Where's Smithy? Photo Challenge: Kids will love this game: figure out where in the museum "Smithy" the Smithsonian border collie is hiding in this photo. Visit the spot in the museum and take a picture of your family in the same location. Families can then share their photos by uploading them to a special Flickr group and have a chance to win a Smithy frisbee. For more information and photos of Smithy in other Smithsonian locations visit smithsonianeducation.org. Continue the fun throughout the museum by improvising your own "I Spy" game or scavenger hunt through each exhibit (e.g. "I spy something orange with fur," or "Find something that is bumpy, hard, and blue").
Sant Ocean Hall: Highlights of this impressive hall include a life-size model of a 45-foot North Atlantic right whale, 2 giant squids, and the 7-foot-tall jaws of a megalodon. The exhibit also contains the world's largest and most diverse collection of marine specimens and explains how scientists study ocean life. Other interesting exhibits teach visitors about the ecology of coral reefs, coastal ecosystems, and the differences between the north and south poles. A 13-minute video, Deep Ocean Exploration, takes visitors on a submersible dive to the bottom of the ocean.
Orkin Insect Zoo: Within the 15 main areas of the Insect Zoo kids can observe live insects, climb through insect dwellings, watch tarantulas being fed, and touch and hold some of the many-legged creatures brought out by volunteers. Curious kids can learn even more after they get home by downloading the new e-book from the Smithsonian Science Education Center: "Expedition Insects." The ebook includes interactive images, videos and sound, animated maps, coloring pages and more.
Eternal Life in Ancient Egypt: Kids can learn about Egyptian burial rituals, Egyptian cosmology, and daily life in ancient Egypt. The exhibit includes mummy masks dating from 1388 BC to AD 200, a re-created tomb with a mummy and its coffin, the richly decorated inner coffin of noblewoman Tentkhonsu, an exploration of how mummies were made, and more.
Butterflies + Plants: Partners in Evolution: At the Live Butterfly Pavilion, visitors are invited to walk gently among hundreds of live butterflies flying among lush plants and tropical flowers. There is a small fee for tickets to the Butterfly Pavilion (adults $6, children $5, members $5). Tickets can be purchased online or at the Butterfly Pavilion Box Office. Tickets are free on Tuesdays and can be picked up at the Butterfly Pavilion Box Office each Tuesday beginning at 10:00 a.m. Note: The Butterfly Pavilion is currently closed for maintenance, will reopen February 7, 2015, and celebrates its 7th anniversary on February 14, 2015.
The Last American Dinosaurs: Discovering a Lost World: Although the museum's familiar Fossil Hall is closed for major renovations until 2019, you can still explore the lives of these prehistoric giants at a new exhibit that opened in November 2014. In "Last American Dinosaurs" visitors will learn about the fossils collected in the Hell Creek Formation in North Dakota, believed to be the last dinosaurs that walked America 66 million years ago. Also be sure to visit the glass enclosed FossiLab to watch museum workers uncover fossils from rock and create fossil casts and molds. Wired kids can also take a Virtual Dinosaur Tour to learn more about each of the dinosaurs and how they were discovered or a Prehistoric Climate Change Virtual Tour to explore how global warming 55 million years ago radically changed life on Earth.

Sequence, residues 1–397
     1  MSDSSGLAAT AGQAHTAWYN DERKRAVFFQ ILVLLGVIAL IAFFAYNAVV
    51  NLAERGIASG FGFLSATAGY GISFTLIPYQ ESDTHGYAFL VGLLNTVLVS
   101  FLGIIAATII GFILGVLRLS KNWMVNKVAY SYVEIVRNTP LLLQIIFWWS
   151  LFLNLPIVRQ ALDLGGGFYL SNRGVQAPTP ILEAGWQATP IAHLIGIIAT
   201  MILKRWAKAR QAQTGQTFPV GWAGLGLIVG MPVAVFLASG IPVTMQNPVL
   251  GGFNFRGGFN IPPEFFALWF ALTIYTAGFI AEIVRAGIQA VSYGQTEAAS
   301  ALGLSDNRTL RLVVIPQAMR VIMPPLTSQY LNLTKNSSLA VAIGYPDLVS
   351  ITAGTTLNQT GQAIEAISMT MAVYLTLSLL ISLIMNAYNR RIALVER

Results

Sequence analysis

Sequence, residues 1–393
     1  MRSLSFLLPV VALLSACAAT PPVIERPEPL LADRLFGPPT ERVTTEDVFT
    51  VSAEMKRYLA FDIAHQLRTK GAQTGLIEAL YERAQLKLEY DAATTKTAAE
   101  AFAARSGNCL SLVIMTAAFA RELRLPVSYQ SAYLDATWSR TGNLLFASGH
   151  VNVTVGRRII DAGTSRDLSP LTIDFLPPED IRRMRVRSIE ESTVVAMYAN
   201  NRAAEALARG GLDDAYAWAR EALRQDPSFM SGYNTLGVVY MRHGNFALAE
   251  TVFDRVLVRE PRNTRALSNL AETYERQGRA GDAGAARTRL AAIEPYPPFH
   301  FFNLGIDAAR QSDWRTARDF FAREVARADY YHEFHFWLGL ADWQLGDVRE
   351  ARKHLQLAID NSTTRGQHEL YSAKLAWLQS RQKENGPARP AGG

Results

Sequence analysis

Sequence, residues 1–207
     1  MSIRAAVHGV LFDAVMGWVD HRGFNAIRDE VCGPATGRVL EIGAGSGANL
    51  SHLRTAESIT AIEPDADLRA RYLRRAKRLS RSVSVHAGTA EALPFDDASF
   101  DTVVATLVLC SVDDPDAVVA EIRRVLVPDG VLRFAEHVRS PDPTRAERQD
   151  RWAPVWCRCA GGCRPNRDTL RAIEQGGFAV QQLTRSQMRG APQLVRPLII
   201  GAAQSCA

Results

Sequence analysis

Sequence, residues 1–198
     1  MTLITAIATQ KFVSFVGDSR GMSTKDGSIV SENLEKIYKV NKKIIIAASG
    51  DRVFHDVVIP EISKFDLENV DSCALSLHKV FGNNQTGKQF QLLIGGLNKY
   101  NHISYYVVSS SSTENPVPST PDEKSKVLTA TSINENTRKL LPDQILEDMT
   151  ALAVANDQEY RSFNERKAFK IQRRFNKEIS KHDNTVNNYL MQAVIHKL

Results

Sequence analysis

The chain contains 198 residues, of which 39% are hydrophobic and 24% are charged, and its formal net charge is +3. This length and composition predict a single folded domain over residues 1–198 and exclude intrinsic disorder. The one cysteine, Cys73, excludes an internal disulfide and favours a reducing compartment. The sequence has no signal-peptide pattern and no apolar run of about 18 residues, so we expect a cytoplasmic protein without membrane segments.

Hall of Mammals: Recreated habitats of Africa, North American, South America and Australia showcase 274 different mammal specimens preserved in various habitats from the dessert to the tundra. In this large-as-life 'still-life zoo', discovery areas include computer interactives, touchable objects, and Q&A stations.
Hall of Geology, Gems and Minerals: Kids and parents alike will be dazzled by over 2,500 minerals and gems in the Smithsonian's collection including famous gems such as the Hope Diamond and Star of Asia sapphire -- and no, you can't try them on. The Hall also explores the solar system and the earth's changing geology.
Q?rius Jr. Discovery Room: School-aged kids can practice their scientific inquiry skills in this hands-on room often used by school groups, but also open to families during specified hours Tuesday through Sunday. By examining specimens such as fossils, skulls and shells, kids can use their scientific inquiry skills to draw conclusions from the evidence.
Kid Trips Tip: Download the Smithsonian Mobile app to get info about the Smithsonian on the go, including maps, collection highlights, tours, podcasts, special event info and more.
Photos courtesy of Smithsonian Institution, www.si.edu.
Special Events: Plan ahead to visit during one of the museum's special event days.
Johnson IMAX® Theater: When little feet need a break from walking, learn more about natural history through the spectacular imagery of IMAX®. Ticket prices range from $6-$15, depending on the type of film and ticket type (adult, youth, group, etc.). Tickets may be purchased online or at the museum.
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